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Fish Become Sex-Crazed After High Level Of Antidepressants Found In Water


When we think of living organisms that are sex-crazed, humans and dolphins are typically the first ones that come to mind.

Although we know intercourse is essential for reproduction in all life forms, some do it out of necessity while others simply do it for fun.

It's rare to think of the intimate escapades of people other than ourselves, let alone another species, but researchers at Monash University in Melbourne, Australia have discovered fish have become increasingly sexually aroused after they put a significant amount of antidepressants in an aquarium.

The Experiment

Scientist Michael Bertram put male mosquitofish under the influence of both high and low quantities fluoxetine, the active ingredient in Prozac and found that the fish with the higher doses of antidepressants showed "more frequent copulatory behaviour" and spent more time pursuing their female counterparts.

"In one-on-one mating trials, males in the high-fluoxetine treatment performed more frequent copulatory behavior towards females than did males in the unexposed treatment," he wrote in Science Trends.

Bertram explained that fluoxetine finds its way into our ecosystem because the water treatment systems cannot filter it out, or any other pharmaceutical drugs that enter the area.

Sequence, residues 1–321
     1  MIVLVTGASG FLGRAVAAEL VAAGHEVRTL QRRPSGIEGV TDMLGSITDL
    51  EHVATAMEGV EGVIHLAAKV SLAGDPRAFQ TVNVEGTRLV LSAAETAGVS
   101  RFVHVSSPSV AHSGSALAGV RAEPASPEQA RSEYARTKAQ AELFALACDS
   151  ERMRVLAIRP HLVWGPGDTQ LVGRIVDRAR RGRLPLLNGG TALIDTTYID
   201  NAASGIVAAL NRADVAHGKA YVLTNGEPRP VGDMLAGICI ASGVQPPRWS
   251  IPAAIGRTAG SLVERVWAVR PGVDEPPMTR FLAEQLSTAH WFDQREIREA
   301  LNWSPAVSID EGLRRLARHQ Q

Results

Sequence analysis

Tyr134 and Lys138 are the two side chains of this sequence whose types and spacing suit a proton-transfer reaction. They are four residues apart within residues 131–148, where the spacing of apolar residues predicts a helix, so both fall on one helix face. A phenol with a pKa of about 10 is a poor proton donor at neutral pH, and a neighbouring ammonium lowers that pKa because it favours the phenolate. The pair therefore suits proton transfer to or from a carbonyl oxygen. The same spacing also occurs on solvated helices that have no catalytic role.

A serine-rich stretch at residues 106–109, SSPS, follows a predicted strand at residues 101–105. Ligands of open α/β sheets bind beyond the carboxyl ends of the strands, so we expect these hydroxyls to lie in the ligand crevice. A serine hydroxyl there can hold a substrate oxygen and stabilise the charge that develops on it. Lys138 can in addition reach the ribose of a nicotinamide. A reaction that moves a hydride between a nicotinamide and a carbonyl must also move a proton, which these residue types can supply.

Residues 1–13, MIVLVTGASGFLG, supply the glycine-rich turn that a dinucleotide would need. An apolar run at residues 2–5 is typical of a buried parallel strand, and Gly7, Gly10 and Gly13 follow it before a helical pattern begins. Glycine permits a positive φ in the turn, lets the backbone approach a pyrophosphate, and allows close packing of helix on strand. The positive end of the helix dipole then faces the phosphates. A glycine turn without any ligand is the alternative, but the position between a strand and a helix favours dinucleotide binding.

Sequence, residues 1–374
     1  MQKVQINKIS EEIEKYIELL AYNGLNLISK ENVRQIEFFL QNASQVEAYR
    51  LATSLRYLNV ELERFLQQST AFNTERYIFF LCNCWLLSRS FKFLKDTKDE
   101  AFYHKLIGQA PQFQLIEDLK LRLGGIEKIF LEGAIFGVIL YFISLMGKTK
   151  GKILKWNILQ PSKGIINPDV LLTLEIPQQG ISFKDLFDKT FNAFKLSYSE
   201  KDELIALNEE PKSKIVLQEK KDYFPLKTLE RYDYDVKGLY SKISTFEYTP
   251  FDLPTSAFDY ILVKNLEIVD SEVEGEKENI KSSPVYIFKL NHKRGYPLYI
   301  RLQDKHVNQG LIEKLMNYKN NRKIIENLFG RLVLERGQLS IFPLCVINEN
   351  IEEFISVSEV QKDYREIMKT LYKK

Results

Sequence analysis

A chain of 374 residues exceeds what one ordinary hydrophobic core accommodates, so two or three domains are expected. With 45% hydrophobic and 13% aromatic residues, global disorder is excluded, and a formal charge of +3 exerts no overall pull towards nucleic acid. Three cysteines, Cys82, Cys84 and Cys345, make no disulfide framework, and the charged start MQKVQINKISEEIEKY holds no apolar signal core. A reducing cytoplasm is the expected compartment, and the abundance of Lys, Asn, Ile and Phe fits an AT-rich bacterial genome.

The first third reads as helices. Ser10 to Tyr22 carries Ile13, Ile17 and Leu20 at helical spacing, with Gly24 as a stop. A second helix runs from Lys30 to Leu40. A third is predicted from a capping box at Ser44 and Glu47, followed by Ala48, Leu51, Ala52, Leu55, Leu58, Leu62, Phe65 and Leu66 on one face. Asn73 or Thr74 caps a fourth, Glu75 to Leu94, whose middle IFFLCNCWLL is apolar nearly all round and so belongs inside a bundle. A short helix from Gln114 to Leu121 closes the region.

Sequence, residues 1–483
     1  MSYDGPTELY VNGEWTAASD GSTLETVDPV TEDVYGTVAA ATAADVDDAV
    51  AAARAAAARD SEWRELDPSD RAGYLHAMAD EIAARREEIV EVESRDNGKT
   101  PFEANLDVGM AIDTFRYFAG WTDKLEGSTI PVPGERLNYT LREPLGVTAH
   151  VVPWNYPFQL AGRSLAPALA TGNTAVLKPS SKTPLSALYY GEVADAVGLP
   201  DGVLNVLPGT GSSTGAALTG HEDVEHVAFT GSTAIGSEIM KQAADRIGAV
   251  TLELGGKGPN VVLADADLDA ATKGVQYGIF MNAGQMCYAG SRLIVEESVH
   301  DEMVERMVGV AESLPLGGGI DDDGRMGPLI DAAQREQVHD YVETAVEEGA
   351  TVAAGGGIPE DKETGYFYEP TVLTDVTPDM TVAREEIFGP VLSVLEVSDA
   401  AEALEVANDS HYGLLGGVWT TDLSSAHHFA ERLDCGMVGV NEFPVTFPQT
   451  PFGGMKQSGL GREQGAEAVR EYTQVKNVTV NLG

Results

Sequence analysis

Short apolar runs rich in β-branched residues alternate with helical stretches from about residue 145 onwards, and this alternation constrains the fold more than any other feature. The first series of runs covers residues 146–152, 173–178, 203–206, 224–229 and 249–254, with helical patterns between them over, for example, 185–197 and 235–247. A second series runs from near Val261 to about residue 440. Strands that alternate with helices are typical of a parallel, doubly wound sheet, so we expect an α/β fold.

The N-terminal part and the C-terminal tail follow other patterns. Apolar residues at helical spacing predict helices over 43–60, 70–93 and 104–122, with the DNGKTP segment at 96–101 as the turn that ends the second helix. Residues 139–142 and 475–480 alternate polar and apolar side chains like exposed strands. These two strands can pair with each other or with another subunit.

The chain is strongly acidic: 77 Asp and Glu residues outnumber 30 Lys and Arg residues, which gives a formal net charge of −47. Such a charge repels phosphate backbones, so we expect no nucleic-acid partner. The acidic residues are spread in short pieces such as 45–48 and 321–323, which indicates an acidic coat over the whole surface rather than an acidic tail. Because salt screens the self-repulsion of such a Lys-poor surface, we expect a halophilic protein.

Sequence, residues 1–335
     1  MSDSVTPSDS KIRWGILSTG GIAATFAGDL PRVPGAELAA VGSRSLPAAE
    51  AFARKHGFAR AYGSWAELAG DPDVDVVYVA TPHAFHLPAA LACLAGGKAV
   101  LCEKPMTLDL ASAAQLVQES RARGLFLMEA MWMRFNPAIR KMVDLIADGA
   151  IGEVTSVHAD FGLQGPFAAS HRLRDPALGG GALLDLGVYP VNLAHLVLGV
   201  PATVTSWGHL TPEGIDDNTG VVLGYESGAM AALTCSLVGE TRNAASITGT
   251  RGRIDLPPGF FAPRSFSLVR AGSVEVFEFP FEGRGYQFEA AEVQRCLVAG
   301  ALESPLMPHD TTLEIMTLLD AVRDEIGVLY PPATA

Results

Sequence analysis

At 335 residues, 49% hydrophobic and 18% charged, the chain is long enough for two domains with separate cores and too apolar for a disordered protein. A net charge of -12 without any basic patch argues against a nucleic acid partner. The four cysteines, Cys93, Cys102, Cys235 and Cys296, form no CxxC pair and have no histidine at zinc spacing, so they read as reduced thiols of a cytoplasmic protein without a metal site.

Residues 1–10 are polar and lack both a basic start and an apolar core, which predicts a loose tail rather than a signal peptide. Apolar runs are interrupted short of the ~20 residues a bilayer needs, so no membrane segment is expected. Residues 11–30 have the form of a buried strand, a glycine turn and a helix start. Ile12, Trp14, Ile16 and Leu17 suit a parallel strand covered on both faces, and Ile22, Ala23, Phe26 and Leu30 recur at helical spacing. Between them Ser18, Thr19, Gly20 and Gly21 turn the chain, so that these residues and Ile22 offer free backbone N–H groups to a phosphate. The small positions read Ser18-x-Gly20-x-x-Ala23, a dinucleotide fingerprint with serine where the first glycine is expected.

"A significant positive correlation was detected in control fish between activity levels in the maze and time spent pursuing females in the reproductive assay," he said, adding that the administration of the drug can influence behavior in animals, just like it can with humans.

"Fluoxetine can cause a wide range of adverse effects in aquatic species, including disrupting development and reproduction and altering morphological and physiological traits."

But this isn't the first time scientists have found drugs have influenced an a fish's behavior.

What does Metformin do?

In 2014, Dr. Rebecca Klaper from the University of Wisconsin-Milwaukee discovered metformin, a medication commonly taken for Type II diabetes had made its way into the waterways, causing male fish to become intersex and smaller in size.

"It has been suggested that the prevalence of intersex fish in certain watersheds may be the result of... a cocktail of potential and known endocrine disruptors," a piece of research for the Society of Environmental Toxicology and Chemistry read.

In the past, scientists have studied the effect of hormones from birth control pills had on male fish, but were surprised since metformin isn't a hormone but is instead a drug targets blood sugar regulation.

But although it's not a hormone, Klaper explained metformin is also a drug that is prescribed to those with polycystic ovary syndrome, which sees elevated male hormones in females.

Who knew fish could be drugs could have such a massive influence over fish?

[H/T: Mirror, UWM Report]

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